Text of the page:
Access schedules mediate the impact of high fat diet on ethanol intake and insulin and glucose function in mice

Caitlin R. Coker, Elizabeth A. Aguilar, Angela E. Snyder, Sarah S. Bingaman, Nicholas M. Graziane, Kirsteen N. Browning, Amy C. Arnold, Yuval Silberman

Research output: Contribution to journalArticlepeer-review

3 Scopus citations

Abstract

Alcoholism and high fat diet (HFD)-induced obesity individually promote insulin resistance and glucose intolerance in clinical populations, increasing risk for metabolic diseases. HFD can also stimulate alcohol intake in short-term clinical studies. Unfortunately, there is currently a disconnect between animal models and the clinical findings, as animal studies typically show that HFD decreases ethanol intake while ethanol intake mitigates HFD-induced effects on insulin and glucose dysfunction. However, most previous animal studies utilized forced or continuous HFD and/or ethanol. In three experiments we sought to determine whether HFD (HFD = 60% calories from fat) vs. control diet (chow = 16% fat) alters voluntary two-bottle choice ethanol intake in male C57Bl/6J mice given differing access schedules for 6–7 weeks, and we assessed the resultant impact on metabolic function via insulin and glucose tolerance tests. Experiment 1: Unlimited Access Ethanol + HFD (UAE + HFD; n = 15; 10% ethanol v/v, ad libitum diet and ethanol) or UAE + Chow (n = 15). Experiment 2: Limited Access Ethanol + HFD (LAE + HFD; n = 15; ethanol = 4 h/day; 3 days/week, ad libitum diet) or LAE + Chow (n = 15) with increasing ethanol concentrations (10%, 15%, 20%). Experiment 3: Intermittent HFD with limited access to ethanol (iHFD-E; HFD = single 24-h session/week; ethanol = 4 h/day; 4 days/week) (n = 10). UAE + HFD mice consumed significantly less ethanol and were insulin-resistant and hyperglycemic compared with UAE + Chow mice. LAE + HFD mice consumed ethanol similarly to LAE + Chow mice, but exhibited hyperglycemia, insulin resistance, and glucose intolerance. iHFD-E mice displayed binge eating-like behaviors and consumed significantly more ethanol than mice given ad libitum chow or HFD. iHFD-E mice did not have significantly altered body composition, but developed insulin insensitivity and glucose intolerance. These findings suggest that access schedules influence HFD effects on ethanol consumption and resultant metabolic dysfunction, ethanol intake does not improve HFD-induced metabolic dysfunction, and binge eating-like behaviors can transfer to binge drinking behaviors.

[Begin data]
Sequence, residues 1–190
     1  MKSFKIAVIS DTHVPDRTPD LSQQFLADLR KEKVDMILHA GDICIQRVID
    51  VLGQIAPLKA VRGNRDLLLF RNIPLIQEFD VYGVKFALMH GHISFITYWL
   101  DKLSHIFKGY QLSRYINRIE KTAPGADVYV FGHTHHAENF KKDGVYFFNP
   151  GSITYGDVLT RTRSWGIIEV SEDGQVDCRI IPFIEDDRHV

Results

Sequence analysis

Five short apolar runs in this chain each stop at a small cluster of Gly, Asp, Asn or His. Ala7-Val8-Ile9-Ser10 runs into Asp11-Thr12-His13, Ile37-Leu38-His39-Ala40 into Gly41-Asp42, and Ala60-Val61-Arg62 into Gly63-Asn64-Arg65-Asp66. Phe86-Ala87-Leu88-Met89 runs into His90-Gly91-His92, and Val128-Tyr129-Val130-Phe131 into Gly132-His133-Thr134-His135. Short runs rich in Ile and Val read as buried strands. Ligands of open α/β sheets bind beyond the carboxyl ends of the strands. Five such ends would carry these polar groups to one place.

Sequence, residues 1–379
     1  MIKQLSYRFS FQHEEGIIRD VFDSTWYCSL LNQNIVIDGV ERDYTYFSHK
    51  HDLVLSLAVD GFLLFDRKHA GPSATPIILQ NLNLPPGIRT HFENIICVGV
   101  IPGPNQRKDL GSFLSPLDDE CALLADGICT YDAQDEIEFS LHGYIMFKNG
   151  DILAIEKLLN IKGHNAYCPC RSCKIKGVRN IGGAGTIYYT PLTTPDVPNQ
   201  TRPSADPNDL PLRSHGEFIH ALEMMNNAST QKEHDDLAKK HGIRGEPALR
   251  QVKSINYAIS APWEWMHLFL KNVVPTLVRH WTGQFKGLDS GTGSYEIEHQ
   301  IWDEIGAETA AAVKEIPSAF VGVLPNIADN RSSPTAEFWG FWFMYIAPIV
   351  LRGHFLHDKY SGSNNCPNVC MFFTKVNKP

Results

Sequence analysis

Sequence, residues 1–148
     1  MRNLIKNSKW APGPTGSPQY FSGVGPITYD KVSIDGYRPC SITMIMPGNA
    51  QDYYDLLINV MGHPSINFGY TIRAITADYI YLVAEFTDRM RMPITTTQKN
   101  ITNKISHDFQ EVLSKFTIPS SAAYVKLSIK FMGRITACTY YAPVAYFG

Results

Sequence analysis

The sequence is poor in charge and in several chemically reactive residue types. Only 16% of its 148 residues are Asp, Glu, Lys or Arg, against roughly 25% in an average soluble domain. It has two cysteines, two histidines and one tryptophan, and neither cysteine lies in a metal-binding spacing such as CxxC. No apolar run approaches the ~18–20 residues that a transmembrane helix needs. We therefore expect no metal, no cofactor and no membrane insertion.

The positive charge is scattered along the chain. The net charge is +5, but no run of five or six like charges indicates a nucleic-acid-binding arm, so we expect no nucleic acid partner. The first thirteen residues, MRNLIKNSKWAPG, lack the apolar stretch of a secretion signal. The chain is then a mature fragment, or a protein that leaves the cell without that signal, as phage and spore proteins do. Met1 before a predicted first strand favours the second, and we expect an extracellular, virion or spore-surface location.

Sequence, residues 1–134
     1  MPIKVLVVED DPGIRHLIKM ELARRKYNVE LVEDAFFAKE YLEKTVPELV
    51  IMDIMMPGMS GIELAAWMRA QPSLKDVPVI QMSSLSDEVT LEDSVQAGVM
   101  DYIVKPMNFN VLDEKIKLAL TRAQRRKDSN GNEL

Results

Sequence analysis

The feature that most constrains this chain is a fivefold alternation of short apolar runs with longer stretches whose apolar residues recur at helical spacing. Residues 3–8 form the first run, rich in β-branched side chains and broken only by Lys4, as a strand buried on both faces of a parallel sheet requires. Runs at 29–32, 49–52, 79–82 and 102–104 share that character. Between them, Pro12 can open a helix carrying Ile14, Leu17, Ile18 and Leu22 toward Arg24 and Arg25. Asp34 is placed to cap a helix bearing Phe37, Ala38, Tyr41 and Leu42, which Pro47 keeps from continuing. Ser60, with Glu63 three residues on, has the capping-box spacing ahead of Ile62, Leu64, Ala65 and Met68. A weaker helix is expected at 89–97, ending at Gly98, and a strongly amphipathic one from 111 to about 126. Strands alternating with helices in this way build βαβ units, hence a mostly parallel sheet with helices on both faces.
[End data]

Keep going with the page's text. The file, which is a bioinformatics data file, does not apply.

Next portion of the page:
Original languageEnglish (US)
Pages (from-to)45-56
Number of pages12
JournalAlcohol
Volume86
DOIs
StatePublished - Aug 2020

All Science Journal Classification (ASJC) codes

  • Health(social science)
  • Biochemistry
  • Toxicology
  • Neurology
  • Behavioral Neuroscience

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